Yes, dear readers, this is a non-health food review. While picking up some saltines to replenish the household supply, I spotted these and was intrigued. I have tried the Cello Parmesan Whisps crackers and thought these might be similarly yummy and low carb. Well, are they? They were much less expensive than the Cello Parmesan Whisps and certainly more easily obtained. I can almost never find those Parmesan Whisps.
40% less fat? Well, count me in. That should have been a clue that these were not remotely like the Parmesan Whisps since the Whisps are made of nothing except cheese. They are popular with the low-carb/high-fat (keto) crowd for their lack of carbs and relatively high fat content.
120 calories is not bad for a generous serving size and 4 grams of fat is also pretty good. The carb grams are quite high as well as the sodium. No fiber, either. The ingredient list is free of frankenfoods, but the potato starch and rice flour increase the carbs and basically make this a "Pringles" type of cracker/chip with cheese flavoring. I am disappointed, but not surprised. Real cheese crackers are pretty easy to make yourself if you want a real cheese-only cracker. Just bake a small mound or small slice of cheese in the oven until brown. You can also cook them on the stove top in a skillet.
As you can see, they are light and puffy, kind of like a puffy Cheez-Its with holes. I chose the smoked gouda flavor because I am a sucker for gouda. The taste was salty and kind of had an artificial flavor and the cheese powder stuck to my hands. The texture; however, was light and crispy. I suppose if you are looking for a lower-fat cheese cracker, these would be worth it. If you buy these thinking they are more cheese than starch, you will be disappointed. Read the label. I probably won't buy these again.
I rarely venture down the snack cake aisle. Just too tempting! I love Twinkies and Zingers especially, but they sure don't love me back. While perusing the healthy frozen entrees at my local Walmart Neighborhood store, I glanced at the snack cake aisle behind me and saw these. Made by Hostess, these are "decadent small batch treats." The products have no artificial colors or flavors and no high fructose corn syrup. That makes them healthy, right? Don't answer that. I decided to get the Fudge Blondie Crispi Thins Cookie Thins and the White Fudge Vanilla Cake Delights.
No artificial colors. Impressive. In case you didn't know what spirulina is, according to Wikipedia: Spirulina represents a biomass of cyanobacteria (blue-green algae) that can be consumed by humans and other animals. This has been approved for blue coloring. That ingredient list is pretty extensive. I also notice that the second ingredient is palm kernel oil, which is particularly unhealthy and bad for the environment. I will give Hostess credit for not using high fructose corn syrup, but that hardly matters when the first ingredients are sugar and palm oil.
Nothing too surprising here. 210 for 3 little cakes, which are about the size of a ping pong ball. Lots of sugar, lots of carbs, lots of fat.
Here is a mini cake that I have cut open so you can see the inside compared to the image on the front of the package. Not too dissimilar, except the amount of creme is somewhat less than shown and the cake is more tan than beige. My husband and I tried these and our conclusion was the same. These are definitely tasty and the way they are packaged is dangerous if you find it hard to stop at the serving size. I thought the texture was somewhat stale and rubbery. Strong vanilla flavor was good, but to call the coating "white fudge" is a stretch. The coating was similar to what you'd find on a cheap Little Debbie snack cake. I paid $3.00 per bag for these for 7.9 ounces. Not my favorite and overpriced for what it is. I would have preferred a Twinkie.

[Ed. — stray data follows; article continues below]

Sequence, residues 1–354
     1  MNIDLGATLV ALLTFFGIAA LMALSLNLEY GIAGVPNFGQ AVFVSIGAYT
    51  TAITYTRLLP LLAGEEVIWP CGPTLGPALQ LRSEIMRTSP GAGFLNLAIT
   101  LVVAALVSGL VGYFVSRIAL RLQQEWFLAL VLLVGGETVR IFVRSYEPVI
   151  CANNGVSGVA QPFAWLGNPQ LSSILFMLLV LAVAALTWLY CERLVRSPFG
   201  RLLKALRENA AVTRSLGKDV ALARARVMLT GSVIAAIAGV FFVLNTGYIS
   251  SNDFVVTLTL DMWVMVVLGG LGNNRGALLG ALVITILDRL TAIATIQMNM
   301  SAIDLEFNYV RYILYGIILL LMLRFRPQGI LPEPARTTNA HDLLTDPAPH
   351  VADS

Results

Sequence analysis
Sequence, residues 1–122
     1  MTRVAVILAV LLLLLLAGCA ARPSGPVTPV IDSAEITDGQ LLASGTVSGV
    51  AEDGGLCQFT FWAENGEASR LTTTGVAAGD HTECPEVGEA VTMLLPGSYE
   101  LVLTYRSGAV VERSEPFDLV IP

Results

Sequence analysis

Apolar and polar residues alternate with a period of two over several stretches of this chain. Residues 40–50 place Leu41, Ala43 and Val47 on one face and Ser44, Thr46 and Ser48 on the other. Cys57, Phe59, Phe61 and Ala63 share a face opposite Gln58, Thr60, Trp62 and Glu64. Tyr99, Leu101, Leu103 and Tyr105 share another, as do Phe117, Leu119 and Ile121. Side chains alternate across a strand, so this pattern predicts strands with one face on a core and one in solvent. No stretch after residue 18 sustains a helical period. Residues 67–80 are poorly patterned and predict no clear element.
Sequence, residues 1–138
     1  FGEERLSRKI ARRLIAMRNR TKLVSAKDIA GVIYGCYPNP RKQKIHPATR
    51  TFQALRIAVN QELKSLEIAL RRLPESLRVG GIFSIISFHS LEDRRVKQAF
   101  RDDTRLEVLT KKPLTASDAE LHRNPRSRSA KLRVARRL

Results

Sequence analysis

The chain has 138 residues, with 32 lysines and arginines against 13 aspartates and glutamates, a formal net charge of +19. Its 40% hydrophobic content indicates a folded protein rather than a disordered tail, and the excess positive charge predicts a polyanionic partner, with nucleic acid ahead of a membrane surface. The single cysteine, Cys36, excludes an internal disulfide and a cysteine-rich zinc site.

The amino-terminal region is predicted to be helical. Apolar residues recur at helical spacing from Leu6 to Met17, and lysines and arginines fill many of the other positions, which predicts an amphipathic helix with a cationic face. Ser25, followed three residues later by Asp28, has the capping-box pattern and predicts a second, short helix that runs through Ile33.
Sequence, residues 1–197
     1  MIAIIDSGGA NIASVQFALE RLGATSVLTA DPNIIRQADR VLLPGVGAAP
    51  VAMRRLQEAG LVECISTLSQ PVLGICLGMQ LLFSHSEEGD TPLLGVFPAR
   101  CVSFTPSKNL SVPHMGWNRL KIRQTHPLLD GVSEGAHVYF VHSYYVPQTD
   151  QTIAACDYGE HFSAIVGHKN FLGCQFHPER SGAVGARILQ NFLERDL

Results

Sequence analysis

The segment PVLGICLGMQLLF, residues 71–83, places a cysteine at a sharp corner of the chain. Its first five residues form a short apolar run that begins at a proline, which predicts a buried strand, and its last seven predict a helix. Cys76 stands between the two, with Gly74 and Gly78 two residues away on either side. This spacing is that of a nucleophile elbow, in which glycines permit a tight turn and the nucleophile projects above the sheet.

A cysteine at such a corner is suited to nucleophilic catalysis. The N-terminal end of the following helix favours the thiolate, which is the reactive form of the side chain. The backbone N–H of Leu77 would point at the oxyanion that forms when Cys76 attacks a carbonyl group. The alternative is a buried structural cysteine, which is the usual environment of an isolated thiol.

The ingredient list here seems pretty straightforward, but what in the heck is cerelose? "Cerelose A commercial preparation of glucose containing about 9% water." I'm not sure why this is in here. Seems like a "frankenfood" that is completely unncessary, especially for a product that is trying to pass itself off as "natural." Real vanilla, no artificial flavors or colors and no high fructose corn syrup, yet they include cerelose.
The worst part of this nutrition label, in my opinion, is that you somehow have to judge what 1 ounce really means. Is it 5 pieces? 10 pieces? It is very hard to determine since the cookie pieces are not all the same size. Some of them are broken pieces. You would have to own a food scale to really figure out how much you're eating.
As you can see, the image on the package is not very representative of the actual product. What I have shown is just a random sample I took from the bag. Some had chips and some didn't. Interestingly; however, none of the pieces had more than two chips. The color is darker and the cookie itself is more crumbly than those pictured on the package. What did they taste like? Glad you asked. These are very good. The texture is thin, but not easily breakable and they almost melt in your mouth. The chip to cookie ratio was overall very good and even the pieces without chips are yummy. Strong but not overpowering vanilla flavor, which is typical for a "blondie." There is almost no way a person could present them on a platter as nicely as shown on the package. I'm not sure why a consumer would choose these over buying a traditional cookie unless you wanted a bag of broken chocolate chip cookies. Again, as with the cake delights, the packaging is dangerous for a person who had little self-control. These were $3.00 a bag for 6 ounces. Good, but nothing spectacular or very new as far as taste.